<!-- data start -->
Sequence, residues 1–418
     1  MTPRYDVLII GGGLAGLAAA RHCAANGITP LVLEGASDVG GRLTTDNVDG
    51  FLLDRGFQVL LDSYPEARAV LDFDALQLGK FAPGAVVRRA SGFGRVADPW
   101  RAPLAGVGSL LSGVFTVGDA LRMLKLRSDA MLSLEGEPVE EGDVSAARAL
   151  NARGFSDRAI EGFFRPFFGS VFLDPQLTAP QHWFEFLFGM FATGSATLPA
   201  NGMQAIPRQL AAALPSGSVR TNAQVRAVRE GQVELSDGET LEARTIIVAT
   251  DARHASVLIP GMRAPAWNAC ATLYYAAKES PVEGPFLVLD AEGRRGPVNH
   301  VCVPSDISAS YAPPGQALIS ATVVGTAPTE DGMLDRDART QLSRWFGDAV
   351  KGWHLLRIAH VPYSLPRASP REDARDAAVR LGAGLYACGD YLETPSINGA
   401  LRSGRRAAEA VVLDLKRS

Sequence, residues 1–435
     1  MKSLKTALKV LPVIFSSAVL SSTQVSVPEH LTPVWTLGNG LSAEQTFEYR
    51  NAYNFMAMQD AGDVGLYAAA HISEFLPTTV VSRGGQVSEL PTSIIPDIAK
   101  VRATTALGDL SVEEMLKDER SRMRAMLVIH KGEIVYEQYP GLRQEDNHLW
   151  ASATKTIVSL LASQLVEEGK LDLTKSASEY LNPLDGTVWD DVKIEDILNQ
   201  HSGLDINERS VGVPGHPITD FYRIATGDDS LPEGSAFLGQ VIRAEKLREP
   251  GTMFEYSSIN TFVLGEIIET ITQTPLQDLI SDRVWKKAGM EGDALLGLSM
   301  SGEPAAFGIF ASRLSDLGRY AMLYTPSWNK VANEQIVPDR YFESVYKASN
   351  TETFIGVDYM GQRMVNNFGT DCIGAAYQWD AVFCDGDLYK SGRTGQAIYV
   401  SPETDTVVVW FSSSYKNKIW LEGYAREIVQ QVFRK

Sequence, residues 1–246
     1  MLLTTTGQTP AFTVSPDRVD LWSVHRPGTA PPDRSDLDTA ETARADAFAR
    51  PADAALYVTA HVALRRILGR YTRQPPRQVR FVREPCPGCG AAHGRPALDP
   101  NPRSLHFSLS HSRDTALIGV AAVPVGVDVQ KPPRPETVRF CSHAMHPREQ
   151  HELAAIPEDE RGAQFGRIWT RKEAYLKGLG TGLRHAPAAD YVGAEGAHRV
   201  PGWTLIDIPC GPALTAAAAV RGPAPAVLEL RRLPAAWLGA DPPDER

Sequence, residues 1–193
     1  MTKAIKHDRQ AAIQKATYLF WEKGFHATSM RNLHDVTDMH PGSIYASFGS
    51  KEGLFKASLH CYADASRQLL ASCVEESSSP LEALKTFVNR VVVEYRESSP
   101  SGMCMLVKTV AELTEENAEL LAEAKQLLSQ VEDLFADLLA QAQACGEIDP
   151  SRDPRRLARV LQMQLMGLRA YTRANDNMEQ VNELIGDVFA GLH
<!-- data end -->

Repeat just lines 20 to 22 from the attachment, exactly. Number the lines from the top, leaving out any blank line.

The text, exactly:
   401  SPETDTVVVW FSSSYKNKIW LEGYAREIVQ QVFRK

Sequence, residues 1–246
     1  MLLTTTGQTP AFTVSPDRVD LWSVHRPGTA PPDRSDLDTA ETARADAFAR